Cycle Your Way to Better Health with a Monday Bike Ride

Bicycles offer us rapid transportation and healthy benefits for our bodies and planet
September 23, 2020 Updated: September 23, 2020

Thank goodness we never forget how to ride a bike. Besides being convenient and environmentally friendly, cycling is an excellent source of physical activity for many fitness levels. And, for those who never learned how to bike or have stopped, time to get on the saddle.

This Monday get those bike tires pumped with air and hit the road or trail. Why start on Monday? Because research shows that getting on a health track on the first day of the week improves the chance of repitition.

What’s healthy about cycling? It offers advantages that other forms of exercise don’t. Our team at the Move It Monday campaign counted several benefits.

Cycling is low-impact, which means less strain on the bones and joints, compared to other aerobic workouts like running or jogging.

Biking hits all of the major muscle groups from the waist down, strengthening your quadriceps, hamstrings, glutes, and lower back, which are all important to improving balance, endurance, and the ability to stand and walk upstairs.

Biking also comes with a myriad of other health benefits including increased cardiovascular fitness, muscle strength, joint mobility, as well as decreased stress levels. Plus all that cycling requires are bike, a helmet, and the open road.

Biking benefits the environment as well. Biking instead of using a car can be a useful step in reducing your carbon footprint and preserving the environment. Transportation accounts for more than half of the carbon dioxide and nitrogen oxides emitted into the air, with the average U.S. car emitting a pound of carbon dioxide per mile from burning fuel.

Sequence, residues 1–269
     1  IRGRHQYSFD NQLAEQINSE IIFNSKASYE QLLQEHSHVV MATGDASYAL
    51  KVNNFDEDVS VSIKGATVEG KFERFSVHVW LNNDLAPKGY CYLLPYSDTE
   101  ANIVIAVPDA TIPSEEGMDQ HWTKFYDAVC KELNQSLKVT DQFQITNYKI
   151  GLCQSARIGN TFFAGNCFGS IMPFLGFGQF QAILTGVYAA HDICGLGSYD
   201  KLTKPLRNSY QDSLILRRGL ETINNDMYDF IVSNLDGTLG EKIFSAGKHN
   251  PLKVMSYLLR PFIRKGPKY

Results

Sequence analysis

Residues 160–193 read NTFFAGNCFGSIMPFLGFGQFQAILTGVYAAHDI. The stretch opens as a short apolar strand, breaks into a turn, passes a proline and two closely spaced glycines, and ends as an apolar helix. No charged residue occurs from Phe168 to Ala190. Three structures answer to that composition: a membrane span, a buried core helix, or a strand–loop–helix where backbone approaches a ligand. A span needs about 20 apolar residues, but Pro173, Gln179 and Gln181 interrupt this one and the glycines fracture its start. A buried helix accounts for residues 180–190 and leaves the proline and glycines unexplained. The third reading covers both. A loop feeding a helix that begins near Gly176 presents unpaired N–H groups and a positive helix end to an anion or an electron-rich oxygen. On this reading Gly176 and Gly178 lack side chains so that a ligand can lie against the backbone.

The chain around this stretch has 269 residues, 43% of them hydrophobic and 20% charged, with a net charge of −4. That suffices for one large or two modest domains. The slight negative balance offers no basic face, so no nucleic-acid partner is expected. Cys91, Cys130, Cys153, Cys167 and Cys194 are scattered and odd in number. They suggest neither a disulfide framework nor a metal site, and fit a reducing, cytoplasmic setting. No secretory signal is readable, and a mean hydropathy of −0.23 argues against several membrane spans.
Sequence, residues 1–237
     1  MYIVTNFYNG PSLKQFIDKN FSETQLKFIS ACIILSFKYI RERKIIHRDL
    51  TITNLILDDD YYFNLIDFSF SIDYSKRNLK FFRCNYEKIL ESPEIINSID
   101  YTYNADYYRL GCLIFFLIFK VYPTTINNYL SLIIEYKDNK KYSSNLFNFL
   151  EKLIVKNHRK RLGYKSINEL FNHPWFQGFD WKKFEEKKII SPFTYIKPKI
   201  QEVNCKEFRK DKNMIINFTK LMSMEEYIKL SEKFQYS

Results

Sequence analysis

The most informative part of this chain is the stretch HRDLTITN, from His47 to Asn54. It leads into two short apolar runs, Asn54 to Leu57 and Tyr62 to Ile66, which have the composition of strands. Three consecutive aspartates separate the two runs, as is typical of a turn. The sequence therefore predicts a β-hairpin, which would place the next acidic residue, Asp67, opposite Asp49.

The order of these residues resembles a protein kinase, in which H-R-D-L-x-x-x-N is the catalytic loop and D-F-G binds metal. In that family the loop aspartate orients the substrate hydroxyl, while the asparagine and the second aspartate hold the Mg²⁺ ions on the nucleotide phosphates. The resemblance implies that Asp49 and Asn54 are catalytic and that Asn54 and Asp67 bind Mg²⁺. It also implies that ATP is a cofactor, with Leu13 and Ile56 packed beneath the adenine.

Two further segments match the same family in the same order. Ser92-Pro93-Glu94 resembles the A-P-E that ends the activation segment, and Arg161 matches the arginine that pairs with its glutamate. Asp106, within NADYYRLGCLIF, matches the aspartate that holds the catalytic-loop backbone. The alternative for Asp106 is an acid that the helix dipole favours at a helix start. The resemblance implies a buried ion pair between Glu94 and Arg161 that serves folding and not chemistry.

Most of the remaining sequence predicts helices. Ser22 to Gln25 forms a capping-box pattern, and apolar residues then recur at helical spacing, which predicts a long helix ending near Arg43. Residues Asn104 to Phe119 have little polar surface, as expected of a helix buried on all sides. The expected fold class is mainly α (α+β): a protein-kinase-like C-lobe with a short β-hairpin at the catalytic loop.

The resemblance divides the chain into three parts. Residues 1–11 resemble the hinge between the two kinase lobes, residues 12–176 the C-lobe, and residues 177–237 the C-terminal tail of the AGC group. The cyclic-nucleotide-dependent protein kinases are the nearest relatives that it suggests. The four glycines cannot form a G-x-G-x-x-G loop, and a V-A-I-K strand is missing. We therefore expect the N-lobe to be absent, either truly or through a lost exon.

By opting to bike, you are saving fossil fuel and reducing the number of cars on the road. Fewer cars relieve congestion and traffic and of a need for new parking lots and roadways, and more potential locations for public green spaces. Bicycles can use existing infrastructure, without demanding too much in terms of road construction and parking spaces. Bikes are also quiet, which means no honking or obnoxious noise pollution.

Biking around our neighborhoods gives us a greater appreciation for the surrounding natural beauty. By choosing to Move It Monday by biking, you are embracing the outdoors, appreciating the environment, all the while bettering your own health.

Basic Safety Guidelines

Zipping through city streets or country roads on your bike can be an exhilarating workout, but any cyclist—no matter their skill level and comfort—should adhere to some basic biking safety protocols.

The most important safety requirement is wearing a helmet that fits your head properly. Helmet sizes differ based on manufacturer, so the only real way to know how it fits is to put it on and adjust the straps.

You also want to make sure the bike you’re riding is the right size with functioning. Before your ride, make sure your shoelaces are tucked securely into your pant legs so that they don’t get tangled in the bike chain. It also helps to plan your route ahead of time. If driving on the road, choose areas with less traffic and slower speed limits; for leisurely rides, try to stick to a bike path.

You also want to do your best to avoid crashes; because, regardless of who is responsible, if a cyclist falls or collides with another vehicle, the cyclist is often the one who suffers physical consequences. According to the National Highway Traffic Safety Administration, most bicyclist deaths occur between 6:00 pm and 9:00 pm in urban areas, so try to avoid riding during these times of day when visibility is limited. If you do decide to ride during dusk or the evening, use reflective gear and clothing as well as a flashing front and rear light.

Bicycles on the roadway have the same rights and responsibilities as motorized vehicles. Riding defensively is the best way to avoid an accident. Drive with the flow of traffic, obey street signs, signals, and road markings, and always assume that the other person or vehicle doesn’t see you. When biking, riders should be as predictable as possible, using hand signals and following the other rules of the road.

These basic guidelines will help ensure your Monday ride is a safe success.

Meghan Crowley is a senior program associate at the Move It Monday Initiative.